FAQ

Find the answers to your questions below.

What is the difference between approval and accreditation?
  • Approval is the action through which the relevant authority (in France, this is the national institute for origins and quality, INAO) authorises a certification body to issue agricultural provenance labels, compliance certificates, organic production certificates or indeed more than one such certification, for one or more products.
  • Accreditation attests to the competence, impartiality and independence of a certification body relative to the standards in force. While accreditation was originally a voluntary procedure, it has become mandatory in many areas of activity in Europe because it establishes trust in the certifications conducted. In France, the French Accreditation Committee (Cofrac) is the designated body for the accreditation of certification bodies according to the EN 45011 standard.
What is certification?

Certification is a voluntary process. Any entity conducting a business for which a standard exists may ask to have its output or services certified. Certification is a procedure through which a third party, the certification body, gives a written assurance that an organisational system, process, person, product or a service complies with requirements specified in a standard or benchmark. Certification is awarded for a limited period, during which the certification body carries out monitoring.

Cofrac (the French Accreditation Committee) therefore exercises second-level control it being the organisation that inspects the certification bodies, i.e.

Cofrac >> certification body >> operators.

What is an organic agricultural product?

It is compulsory for any product labelled "organic" to meet the requirements of one of the official sets of regulations on agriculture and organic produce:

  • Europe: European regulation (EC) No 834/2007 and its implementing regulations (EC) 889/2008 and 1235/2008;
  • United-States: NOP regulation (National Organic Program).
  • Japan: JAS regulation (Japanese Agricultural Standard).

The product is inspected and certified by an independent body (accredited by French government authorities), such as Ecocert. The certification body ensures product traceability throughout the value chain: production, processing, packaging, storage and distribution. Laboratory analysis may be carried out in addition to the on-site checking of products.

The criteria defining an organic agricultural product are as follows:

  • Organic agricultural products: grown avoiding the use of chemical fertilisers or synthetic products, in ground fertilised with organic fertilisers and natural minerals favourable to life within the soil, application of the precautionary principle.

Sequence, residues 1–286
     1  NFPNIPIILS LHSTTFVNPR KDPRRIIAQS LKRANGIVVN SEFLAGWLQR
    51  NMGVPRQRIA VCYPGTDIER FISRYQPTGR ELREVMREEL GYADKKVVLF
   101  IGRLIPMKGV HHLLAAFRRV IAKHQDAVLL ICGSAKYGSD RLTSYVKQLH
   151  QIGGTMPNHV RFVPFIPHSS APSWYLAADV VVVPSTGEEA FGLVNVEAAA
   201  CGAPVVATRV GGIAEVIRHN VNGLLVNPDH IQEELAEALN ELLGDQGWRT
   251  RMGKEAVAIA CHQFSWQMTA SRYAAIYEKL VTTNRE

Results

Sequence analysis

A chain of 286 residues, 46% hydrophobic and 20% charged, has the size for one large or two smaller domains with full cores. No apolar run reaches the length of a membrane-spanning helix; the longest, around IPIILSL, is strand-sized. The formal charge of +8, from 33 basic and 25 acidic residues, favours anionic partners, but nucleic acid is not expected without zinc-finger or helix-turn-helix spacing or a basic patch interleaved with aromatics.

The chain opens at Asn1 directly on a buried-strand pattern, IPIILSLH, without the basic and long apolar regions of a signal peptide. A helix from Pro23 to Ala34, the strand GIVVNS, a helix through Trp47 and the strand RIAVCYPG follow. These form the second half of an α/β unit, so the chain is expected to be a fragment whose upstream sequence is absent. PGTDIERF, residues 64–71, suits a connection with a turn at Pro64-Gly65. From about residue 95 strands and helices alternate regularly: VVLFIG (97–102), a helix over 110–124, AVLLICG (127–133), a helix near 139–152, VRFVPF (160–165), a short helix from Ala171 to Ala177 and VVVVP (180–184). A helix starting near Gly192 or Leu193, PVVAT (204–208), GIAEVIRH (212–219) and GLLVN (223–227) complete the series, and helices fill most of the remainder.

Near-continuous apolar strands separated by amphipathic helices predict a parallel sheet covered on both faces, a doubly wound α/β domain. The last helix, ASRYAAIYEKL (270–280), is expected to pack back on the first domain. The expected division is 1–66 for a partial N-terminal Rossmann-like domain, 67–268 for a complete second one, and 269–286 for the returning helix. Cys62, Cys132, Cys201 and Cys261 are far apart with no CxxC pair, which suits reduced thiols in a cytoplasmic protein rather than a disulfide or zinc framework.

• Animals: predominantly fed on organic feed, non-intensive husbandry, reared with access to the open air, maximum living space.
  • Processed products: made from controlled organically-sourced farm ingredients and eventually from non-agricultural ingredients as authorised by European regulations or NOP.
How does Ecocert inspect organic products?

Ecocert has available an extensive network of inspectors in over 80 countries for on-site inspection of products from organic farming. Ecocert undertakes at least one inspection per year, supplemented by spot checks over the course of the year. Samples may be taken for laboratory analysis. The entire production chain is checked, from the raw material to the finished product. A scale of penalties applies to non-compliant products, which may go as far as final suspension of the certificate.

Can an organic product contain GMOs?

In accordance with the European regulations on organic farming (EC 834/2007 Article 9.1), the use of GMOs is prohibited in organic production. In the event of proven contamination above the labelling threshold (0.9% currently), the products concerned are to be demoted from the organic value chain. Below this threshold, the certification decision is taken on the basis of the cause of contamination. If it is accidental, the operator is to put remedial measures in place to avert any risk of contamination. If the contamination is deliberate, this is a violation and the product is demoted.

How can consumers tell whether Ecocert certifies an organic product?

Ecocert conducts on-site inspections to ensure that a product properly complies with the requirements laid down in a "standard" (or "specification"). An Ecocert-certified product may be identified in various ways, consumers therefore need to read the labels and find one of the following:

  • The Ecocert certification logo.
  • The wording "Ecocert-certified"
  • By the codes allocated to Ecocert by the European Commission:
    - FR-BIO-01: for Ecocert France SAS in France.
    - AB-BIO-602 (AB or ISO country code numbers): for Ecocert SA in most of countries outside the European Union.

Any of these prove that the wording ("organic" for example) displayed on the product has been checked for compliance by Ecocert.

What is an "Input"?

An input is a product eligible for use in organic farming used either in actual production or processing.

The term includes:

  • Supplements and fertilisers (organic, mineral and organo-mineral);
  • Seeds.
  • Crop-growing media.
  • Phytosanitary products.
  • Cleaning and disinfection agents
  • Non-farming ingredients (additives, enzymes, processing aids, microorganism...).
What are ecological and organic cosmetics?

A trailblazer in this field, Ecocert created and introduced the "Natural and organic cosmetics" standard in 2003. A cosmetic certified as organic by Ecocert must be labelled "Ecocert-certified ecological and/or organic cosmetic" and may display the Ecocert certification logo.